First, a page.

Laterals of 15,000 ft could make up about 20% of U.S. shale player Pioneer Natural Resources Co.’s overall program next year, a move that aims to capitalize on synergies from recent acquisitions to its prolific position in the Permian Basin.
“That just means less capital to get more results,” Pioneer CEO Scott Sheffield said Sept. 9 at the Barclays CEO Energy-Power Conference.
Lateral lengths in U.S. shale plays such as the Permian Basin have steadily increased in recent years as drillers work toward well productivity gains. Longer laterals have resulted in improved capital efficiency and better returns.
For Pioneer, lateral lengths have evolved from 5,000 ft to 7,500 ft and onto this year’s average of 10,100 ft. Its plans to drill more 15,000-ft laterals is driven in large part by the company’s back-to-back acquisitions of Parsley Energy and DoublePoint Energy earlier this year.
Personnel at Parsley Energy, in particular, shared their deep drilling and completion techniques with Pioneer, expanding the company’s horizons. Sheffield said the company could end up getting more synergies out of the 15,000-ft laterals than all other operational acquisition synergies combined.
He didn’t say how much of an economic uplift the longer laterals could yield but indicated the company has benefited from longer laterals in the past.
An added benefit, he said, is the wells “don’t come in and peak and then decline. … They produce flatter for a good 12-month time period because you’ve got all this frac fluid that you have to move out of it.”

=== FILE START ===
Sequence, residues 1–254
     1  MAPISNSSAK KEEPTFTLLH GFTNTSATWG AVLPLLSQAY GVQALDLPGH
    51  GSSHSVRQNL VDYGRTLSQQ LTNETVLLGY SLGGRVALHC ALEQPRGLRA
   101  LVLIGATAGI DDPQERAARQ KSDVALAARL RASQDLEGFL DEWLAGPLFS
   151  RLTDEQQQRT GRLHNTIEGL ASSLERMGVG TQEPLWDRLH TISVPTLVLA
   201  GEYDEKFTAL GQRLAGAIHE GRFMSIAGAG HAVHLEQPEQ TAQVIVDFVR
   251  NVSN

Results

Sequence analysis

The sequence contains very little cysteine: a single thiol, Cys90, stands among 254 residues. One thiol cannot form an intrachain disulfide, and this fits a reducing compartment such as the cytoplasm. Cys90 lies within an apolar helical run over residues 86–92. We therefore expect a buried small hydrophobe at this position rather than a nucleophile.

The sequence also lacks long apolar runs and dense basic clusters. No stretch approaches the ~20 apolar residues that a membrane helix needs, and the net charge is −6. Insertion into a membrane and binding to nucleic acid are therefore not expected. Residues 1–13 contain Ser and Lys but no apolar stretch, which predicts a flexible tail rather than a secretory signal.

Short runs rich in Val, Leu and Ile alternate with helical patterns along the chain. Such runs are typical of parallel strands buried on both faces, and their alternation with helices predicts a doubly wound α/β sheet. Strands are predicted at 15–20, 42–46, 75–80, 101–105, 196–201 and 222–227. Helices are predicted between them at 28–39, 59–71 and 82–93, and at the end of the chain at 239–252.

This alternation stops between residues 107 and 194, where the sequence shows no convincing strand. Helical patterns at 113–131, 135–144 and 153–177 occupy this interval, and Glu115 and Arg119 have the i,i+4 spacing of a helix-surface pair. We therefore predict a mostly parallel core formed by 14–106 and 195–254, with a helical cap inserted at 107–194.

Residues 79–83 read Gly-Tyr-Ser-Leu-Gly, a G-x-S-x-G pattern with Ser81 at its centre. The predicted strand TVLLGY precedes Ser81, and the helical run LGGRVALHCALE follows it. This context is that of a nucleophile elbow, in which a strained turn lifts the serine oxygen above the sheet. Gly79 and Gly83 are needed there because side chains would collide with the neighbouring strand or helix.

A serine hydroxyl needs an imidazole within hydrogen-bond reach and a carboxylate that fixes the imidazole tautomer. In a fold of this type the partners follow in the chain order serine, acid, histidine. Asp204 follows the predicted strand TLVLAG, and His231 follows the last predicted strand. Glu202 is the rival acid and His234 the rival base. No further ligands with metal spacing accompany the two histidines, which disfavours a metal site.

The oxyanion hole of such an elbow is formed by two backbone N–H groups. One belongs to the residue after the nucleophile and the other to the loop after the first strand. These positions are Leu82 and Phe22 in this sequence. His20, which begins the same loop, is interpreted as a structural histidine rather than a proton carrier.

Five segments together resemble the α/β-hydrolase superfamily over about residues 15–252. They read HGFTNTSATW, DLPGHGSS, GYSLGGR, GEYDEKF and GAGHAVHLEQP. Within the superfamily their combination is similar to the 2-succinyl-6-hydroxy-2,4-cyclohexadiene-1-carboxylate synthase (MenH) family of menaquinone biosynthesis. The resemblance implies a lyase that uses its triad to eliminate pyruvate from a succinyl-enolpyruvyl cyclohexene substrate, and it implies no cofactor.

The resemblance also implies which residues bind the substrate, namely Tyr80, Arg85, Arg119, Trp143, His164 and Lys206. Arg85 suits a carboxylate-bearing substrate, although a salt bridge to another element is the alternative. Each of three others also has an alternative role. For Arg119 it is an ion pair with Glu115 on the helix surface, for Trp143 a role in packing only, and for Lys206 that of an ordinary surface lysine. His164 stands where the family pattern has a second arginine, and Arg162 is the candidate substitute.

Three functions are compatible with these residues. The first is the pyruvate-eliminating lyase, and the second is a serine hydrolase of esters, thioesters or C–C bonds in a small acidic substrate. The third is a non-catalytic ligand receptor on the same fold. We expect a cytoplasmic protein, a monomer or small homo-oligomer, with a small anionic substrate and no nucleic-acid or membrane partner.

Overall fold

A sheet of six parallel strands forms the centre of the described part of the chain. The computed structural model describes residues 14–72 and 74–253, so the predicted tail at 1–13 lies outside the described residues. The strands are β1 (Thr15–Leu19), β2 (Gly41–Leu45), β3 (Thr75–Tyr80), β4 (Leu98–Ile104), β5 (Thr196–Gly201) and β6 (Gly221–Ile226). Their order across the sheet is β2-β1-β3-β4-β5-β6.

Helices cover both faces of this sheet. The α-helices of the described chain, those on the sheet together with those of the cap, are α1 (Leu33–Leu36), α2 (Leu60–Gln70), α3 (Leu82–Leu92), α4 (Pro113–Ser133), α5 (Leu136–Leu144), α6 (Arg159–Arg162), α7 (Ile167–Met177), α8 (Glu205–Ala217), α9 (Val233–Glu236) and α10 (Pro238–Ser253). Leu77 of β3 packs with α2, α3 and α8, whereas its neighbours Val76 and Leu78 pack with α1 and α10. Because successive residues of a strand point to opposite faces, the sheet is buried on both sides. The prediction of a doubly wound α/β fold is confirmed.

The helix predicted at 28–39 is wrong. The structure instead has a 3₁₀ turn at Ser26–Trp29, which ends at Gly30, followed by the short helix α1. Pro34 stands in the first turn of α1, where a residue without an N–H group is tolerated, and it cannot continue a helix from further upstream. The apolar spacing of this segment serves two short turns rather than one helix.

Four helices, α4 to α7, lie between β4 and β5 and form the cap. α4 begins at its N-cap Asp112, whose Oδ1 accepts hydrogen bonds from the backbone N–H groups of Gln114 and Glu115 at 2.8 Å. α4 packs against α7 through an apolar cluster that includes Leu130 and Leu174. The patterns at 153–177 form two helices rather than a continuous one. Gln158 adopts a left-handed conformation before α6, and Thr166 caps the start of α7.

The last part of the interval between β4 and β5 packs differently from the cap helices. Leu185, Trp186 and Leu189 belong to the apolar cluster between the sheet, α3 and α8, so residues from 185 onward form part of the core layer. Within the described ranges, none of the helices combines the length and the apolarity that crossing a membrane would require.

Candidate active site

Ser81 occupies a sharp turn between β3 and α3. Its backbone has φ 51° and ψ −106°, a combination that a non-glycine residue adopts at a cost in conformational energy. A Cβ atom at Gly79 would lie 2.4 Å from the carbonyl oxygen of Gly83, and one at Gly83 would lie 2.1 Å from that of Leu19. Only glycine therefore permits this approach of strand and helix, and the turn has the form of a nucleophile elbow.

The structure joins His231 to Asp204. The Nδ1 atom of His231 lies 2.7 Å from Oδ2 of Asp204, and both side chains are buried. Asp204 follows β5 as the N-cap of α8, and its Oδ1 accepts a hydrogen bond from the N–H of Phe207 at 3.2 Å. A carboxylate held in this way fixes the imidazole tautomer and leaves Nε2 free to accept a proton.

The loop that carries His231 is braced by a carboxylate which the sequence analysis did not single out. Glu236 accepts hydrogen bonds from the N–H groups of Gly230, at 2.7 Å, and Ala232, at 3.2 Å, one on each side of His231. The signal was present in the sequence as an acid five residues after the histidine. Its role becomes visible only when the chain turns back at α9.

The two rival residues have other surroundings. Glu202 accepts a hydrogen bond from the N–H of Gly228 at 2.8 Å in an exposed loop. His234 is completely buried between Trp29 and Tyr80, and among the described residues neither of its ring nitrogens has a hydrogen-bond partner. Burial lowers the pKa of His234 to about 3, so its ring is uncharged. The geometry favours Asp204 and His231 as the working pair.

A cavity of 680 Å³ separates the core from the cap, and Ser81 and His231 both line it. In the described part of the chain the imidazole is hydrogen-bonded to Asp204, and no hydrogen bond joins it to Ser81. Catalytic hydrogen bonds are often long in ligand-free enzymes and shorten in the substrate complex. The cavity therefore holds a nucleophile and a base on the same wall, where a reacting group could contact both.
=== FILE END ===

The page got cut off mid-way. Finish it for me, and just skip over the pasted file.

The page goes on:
“You just don’t see flush production like you used to,” he said. “So, it does really help on the decline curve.”
Sheffield anticipates drilling about 100 such wells, up from 25 to 30. That will likely increase over time, he said.
The laterals could also become longer.
Known for its long laterals in the Midland Basin, SM Energy recently said it drilled a 20,900-ft lateral—the longest to date in Texas. It took crews about 20 days to drill the Clarice Starling Sundown D 4542 WA well, which was successfully fracture-stimulated and put online.
“We’re studying that to see if it’s worth it,” Sheffield said of the longer laterals. But, “it’s more about completions. You can drill it quickly. It only takes a day [or] a day and a half to drill that extra 2,500 feet or 5,000 feet. Completing is the biggest issue. We could extend it even past 15,000 over time.”
The Parsley and DoublePoint acquisitions pushed Pioneer’s contiguous net acre position in the Midland Basin to about 920,000 and to about 100,000 in the Delaware Basin. The $250 million worth of operational synergies also included drilling and completion efficiency such as through simul-frac, a process in which two horizontal shale wells are stimulated at the same time with one pressure pumping fleet to cut time and save money.
“Neither company had started simul-fracs; they may eventually have gotten to simul-fracs,” Sheffield said. “But we’re seeing a huge benefit with simul-fracs, saving about $200,000 to $300,000 per well. So, you’ll see more and more simul-fracs done over time and it helps to have, again, contiguous acreage to be able to do more and more simul fracs.”
Pioneer closed its acquisitions of Parsley and DoublePoint earlier this year.
The company has already identified more than 1,000 locations where it can drill more 15,000-ft laterals. Pioneer’s average pad size has grown to about four from three wells in 2018. Pioneer plans to operate two simul-frac fleets during second-half 2021. Sheffield said that could increase to three at some point in time.
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